1. The sequence starts with the character ESC, which has the octal value 33. (We'll see how to make ESC in the next section.)
  2. Next comes an opening (left) square bracket, [.
  3. Next come one or more attributes: the numbers from the table below. To set more than one attribute with a single escape sequence, separate the numbers by semicolons (;).
  4. The escape sequence ends with a lowercase letter m.

Here are the attribute numbers. Some of the first few (non-color) values may not work on all terminals. The color values don't make sense on a monochrome terminal.

0Cancel all attributes except foreground/background color
1Bright (bold)
2Normal (not bold)
7Reverse video
8Concealed (don't display characters)
30Make foreground (the characters) black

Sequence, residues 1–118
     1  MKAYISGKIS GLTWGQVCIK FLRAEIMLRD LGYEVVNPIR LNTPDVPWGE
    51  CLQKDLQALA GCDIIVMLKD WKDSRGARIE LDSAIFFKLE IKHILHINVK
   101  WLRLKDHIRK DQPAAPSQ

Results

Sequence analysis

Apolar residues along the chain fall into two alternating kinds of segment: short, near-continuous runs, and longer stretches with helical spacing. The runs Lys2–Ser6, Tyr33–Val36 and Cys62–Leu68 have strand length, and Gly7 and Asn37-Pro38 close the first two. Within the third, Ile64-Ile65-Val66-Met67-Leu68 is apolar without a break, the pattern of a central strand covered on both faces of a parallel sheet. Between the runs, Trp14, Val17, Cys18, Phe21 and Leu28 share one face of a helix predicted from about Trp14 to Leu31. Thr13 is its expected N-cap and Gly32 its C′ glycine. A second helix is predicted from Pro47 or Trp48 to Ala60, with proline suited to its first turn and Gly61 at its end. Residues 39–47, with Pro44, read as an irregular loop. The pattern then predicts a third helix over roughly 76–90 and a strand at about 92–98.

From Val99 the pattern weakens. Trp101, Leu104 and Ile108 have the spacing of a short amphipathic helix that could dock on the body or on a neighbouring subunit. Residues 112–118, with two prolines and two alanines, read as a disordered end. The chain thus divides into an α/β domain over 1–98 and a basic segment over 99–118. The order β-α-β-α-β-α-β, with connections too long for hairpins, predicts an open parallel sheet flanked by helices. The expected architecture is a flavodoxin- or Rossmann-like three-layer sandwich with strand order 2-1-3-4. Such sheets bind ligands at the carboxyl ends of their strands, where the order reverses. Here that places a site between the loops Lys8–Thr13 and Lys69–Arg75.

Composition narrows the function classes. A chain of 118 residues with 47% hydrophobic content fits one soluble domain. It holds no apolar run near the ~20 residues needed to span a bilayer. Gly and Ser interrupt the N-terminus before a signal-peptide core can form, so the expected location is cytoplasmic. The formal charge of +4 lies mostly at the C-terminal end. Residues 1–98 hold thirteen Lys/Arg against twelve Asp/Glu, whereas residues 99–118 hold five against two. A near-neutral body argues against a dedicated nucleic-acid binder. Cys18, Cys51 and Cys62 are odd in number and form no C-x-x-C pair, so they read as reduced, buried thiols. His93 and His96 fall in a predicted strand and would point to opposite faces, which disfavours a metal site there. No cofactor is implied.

31Make foreground red
32Make foreground green
33Make foreground yellow
34Make foreground blue
35Make foreground magenta
36Make foreground cyan
37Make foreground white
40Make background (around the characters) black
41Make background red
42Make background green
43Make background yellow
44Make background blue
45Make background magenta
46Make background cyan
47Make background white (you may need 0 instead, or in addition)

Some Examples

It's possible to put an ESC character directly into a file (like a shell setup file, a script, or another program). But, because ESC isn't a normal "printing" character, it may not appear correctly when you print the file or view it on your screen. It's better to use a representation of the character if your language supports it (for instance, in Perl, put \e or \033 in a string). Otherwise, create the character and store it in a variable. Here are three ways to store ESC in a Bourne shell variable named esc: